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‘The Rhythm Section’ is About a Fictional Spy. Here’s Why She Feels Real.

January 30, 2020
4 min read

There has been a consistent cultural shift in the action genre that has redefined what it means to be an action hero. Despite being largely dominated by men, the past years have witnessed an evolution with the creation of female-led action content. From superheroes to secret spies, it is no longer just about Bond and Batman, thanks to the likes of ‘Wonder Woman‘ and ‘Atomic Blonde‘. The women are no longer damsels in distress, but at the centre of the action, finally taking the lead. But of course, we still have a long way to go.

Lucky for us, this year brings to us, ‘The Rhythm Section’, an action-packed female-led espionage, from the very studios that created the James Bond movies. While female-led content is the need of the hour, how much do we know about female spies in real life? It makes you wonder what inspired ‘The Rhythm Section’.  How much of it is rooted in reality? Here’s everything you need to know.

What is ‘The Rhythm Section’ About?

‘The Rhythm Section’ follows the story of Stephanie Patrick, an ordinary girl whose life is turned upside down following the tragic Atlantic plane crash that kills her entire family. She falls into a downward spiral of self-destruction, indulging in a reckless lifestyle filled with drugs and prostitution. But when she learns that the crash wasn’t an accident, she embarks on a bloody quest to seek justice for her family, and for herself. In the process, she gets trained and recruited by an intelligent service, and offers them her loyalty

As the it progresses, ‘The Rhythm Section’ becomes more than just a quest for revenge. It ultimately turns into a story about survival, a journey that will allow Stephanie to reclaim her self, while it deals with complex themes relating to identity and trauma.

Is ‘The Rhythm Section’ Based on a True Story?

To answer simply, no. ‘The Rhythm Section’ is not based on a true story. However, it is an adaptation of a novel by Mark Burnell, who also wrote the script for the film. Burnell’s The Rhythm Section was his debut novel, the success of which turned him into one of the most known best-selling thriller writers from the past years. The book is the first one in the series of four, with The Third Woman being the final book in the series so far.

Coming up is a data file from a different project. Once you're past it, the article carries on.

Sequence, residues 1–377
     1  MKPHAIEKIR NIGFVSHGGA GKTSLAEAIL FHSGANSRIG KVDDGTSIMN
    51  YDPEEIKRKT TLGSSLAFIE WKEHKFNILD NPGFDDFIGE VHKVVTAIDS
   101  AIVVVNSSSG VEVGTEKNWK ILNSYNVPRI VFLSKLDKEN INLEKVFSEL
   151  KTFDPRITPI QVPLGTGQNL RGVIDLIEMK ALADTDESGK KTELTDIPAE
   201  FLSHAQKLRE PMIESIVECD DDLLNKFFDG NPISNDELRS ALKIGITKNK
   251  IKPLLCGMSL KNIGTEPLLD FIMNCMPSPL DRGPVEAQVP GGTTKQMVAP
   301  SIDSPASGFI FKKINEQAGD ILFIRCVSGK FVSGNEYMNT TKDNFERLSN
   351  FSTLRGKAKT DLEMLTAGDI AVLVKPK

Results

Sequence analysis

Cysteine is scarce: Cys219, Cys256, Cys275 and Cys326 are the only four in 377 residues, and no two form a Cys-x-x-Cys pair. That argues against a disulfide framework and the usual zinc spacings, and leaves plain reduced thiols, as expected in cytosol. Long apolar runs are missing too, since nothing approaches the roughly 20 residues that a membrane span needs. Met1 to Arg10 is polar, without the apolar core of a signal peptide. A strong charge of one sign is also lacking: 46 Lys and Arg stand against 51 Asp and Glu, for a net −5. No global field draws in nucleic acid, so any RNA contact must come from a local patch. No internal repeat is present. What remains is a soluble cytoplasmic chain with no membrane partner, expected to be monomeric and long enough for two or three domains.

All of the stories centre around Stephanie Patrick, as she switches through identities while trying to understand who she really is. Sometimes she is Petra, a German anarchist turned mercenary terrorist, sometimes she is Marina, a Swiss businesswoman. While there are other times she is Susan, an American student. All of these are merely parts of the several lives she leads. Keeping this in mind, if ‘The Rhythm Section’ does well, we might actually be looking at a potential film franchise.

Although the book is not based on a true story, Burnell once mentioned that an initial inspiration for his protagonist was Luc Besson’s Nikita from ‘La Femme Nikita’. Coming back to the film, even though ‘The Rhythm Section’ fulfills most of the tropes of the globe-trotting secret spy films, it does offer a sense of realism in the way it portrays these.

Secret intelligent services like CIA and MI6 have long been considered “gentlemen clubs”. But in reality, women have been a part of the secret services for many decades now. If you want to look into lives and journeys of real-life female spies, we actually have plenty of them. You could look at Odette Hallowes and Vera Atkins, two of the many women who served as spies during the World War.

In recent times, we have seen Michele Rigby Assad, an ex-CIA agent who opened about her time as a spy. Interestingly, the last two individuals who held the post of Principal Deputy Director of National Intelligence in America, were also both women: Susan M. Gordon, and Stephanie O’ Sullivan. This goes on to prove the long history women have had with secret services, which makes mainstream films like ‘The Rhythm Section’ all the more relevant.

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